Astronomers have found a star hurtling through the galaxy faster than any other, the result of being blasted away by the explosion of a massive partner star, researchers said on Thursday.
The star, known as US 708, is traveling at about 746 miles (1,200 km) per second, fast enough to actually leave the Milky Way galaxy in about 25 million years, said astronomer Stephan Geier with Germany-based European Southern Observatory, which operates three telescopes in Chile.
"At that speed you could travel from Earth to the moon in five minutes," noted University of Hawaii astronomer Eugene Magnier.
US 708 is not the first star astronomers have found that is moving fast enough to escape the galaxy, but it is the only one so far that appears to have been slingshot in a supernova explosion.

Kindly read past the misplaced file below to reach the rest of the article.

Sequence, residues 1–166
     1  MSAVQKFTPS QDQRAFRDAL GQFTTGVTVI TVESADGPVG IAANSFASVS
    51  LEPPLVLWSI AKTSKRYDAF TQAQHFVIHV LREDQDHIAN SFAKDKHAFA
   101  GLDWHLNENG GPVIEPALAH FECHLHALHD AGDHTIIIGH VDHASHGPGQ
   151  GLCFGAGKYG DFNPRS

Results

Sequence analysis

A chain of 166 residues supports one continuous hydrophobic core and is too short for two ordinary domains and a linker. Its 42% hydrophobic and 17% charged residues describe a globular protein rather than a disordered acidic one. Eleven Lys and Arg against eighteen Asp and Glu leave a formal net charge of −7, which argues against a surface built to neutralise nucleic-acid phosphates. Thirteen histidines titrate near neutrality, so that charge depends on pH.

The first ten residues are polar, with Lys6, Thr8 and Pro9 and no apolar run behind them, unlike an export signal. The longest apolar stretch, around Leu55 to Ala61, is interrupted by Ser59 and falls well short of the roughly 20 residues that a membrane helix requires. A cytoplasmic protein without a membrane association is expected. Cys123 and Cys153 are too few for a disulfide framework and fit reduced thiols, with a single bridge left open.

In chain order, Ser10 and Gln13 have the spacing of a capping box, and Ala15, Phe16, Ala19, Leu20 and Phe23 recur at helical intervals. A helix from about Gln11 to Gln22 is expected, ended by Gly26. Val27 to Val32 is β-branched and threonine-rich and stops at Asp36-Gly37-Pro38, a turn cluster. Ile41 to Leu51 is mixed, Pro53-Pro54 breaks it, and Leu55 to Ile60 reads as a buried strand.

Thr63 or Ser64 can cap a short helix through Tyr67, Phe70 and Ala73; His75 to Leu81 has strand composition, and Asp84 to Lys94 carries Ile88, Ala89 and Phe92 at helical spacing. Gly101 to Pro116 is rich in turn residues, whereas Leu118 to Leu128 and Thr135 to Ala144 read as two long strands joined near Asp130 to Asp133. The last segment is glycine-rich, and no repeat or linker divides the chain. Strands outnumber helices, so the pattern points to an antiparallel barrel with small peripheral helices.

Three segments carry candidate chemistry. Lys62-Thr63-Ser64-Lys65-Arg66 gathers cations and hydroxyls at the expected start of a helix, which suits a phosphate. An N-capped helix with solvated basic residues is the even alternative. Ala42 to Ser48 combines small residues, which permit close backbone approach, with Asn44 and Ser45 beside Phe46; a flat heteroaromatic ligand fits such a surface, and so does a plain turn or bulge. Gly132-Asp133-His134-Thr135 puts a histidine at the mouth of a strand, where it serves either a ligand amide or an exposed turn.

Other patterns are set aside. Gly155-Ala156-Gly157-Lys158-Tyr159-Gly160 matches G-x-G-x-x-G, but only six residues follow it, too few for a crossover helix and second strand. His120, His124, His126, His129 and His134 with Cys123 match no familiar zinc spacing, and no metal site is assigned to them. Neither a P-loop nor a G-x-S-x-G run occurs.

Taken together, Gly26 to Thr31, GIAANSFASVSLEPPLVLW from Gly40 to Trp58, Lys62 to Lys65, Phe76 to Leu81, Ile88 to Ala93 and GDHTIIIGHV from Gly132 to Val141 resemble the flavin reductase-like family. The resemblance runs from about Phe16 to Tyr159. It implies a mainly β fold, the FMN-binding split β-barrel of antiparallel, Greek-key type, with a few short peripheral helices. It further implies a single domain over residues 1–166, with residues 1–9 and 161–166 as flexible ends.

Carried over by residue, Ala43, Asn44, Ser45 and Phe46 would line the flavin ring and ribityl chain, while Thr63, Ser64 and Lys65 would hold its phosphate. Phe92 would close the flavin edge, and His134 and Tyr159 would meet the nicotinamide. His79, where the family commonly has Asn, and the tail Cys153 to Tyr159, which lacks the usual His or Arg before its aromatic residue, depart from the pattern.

The 20 other stars discovered so far that are heading out of the galaxy likely got their impetus from coming too close to the supermassive black hole that lives at the center of the Milky Way, scientists report in an article in this week's edition of the journal Science.
Before it was sent streaming across the galaxy, US 708 was once a cool giant star, but it was stripped of nearly all of its hydrogen by a closely orbiting partner. Scientists suspect it was this feeding that triggered the partner's detonation.
If confirmed, these types of ejected stars may provide more insight into how supernova explosions occur. Since the explosions give off a fairly standard amount of radiation, scientists can calculate their distances by measuring how bright or dim they appear and determine how fast the universe is expanding.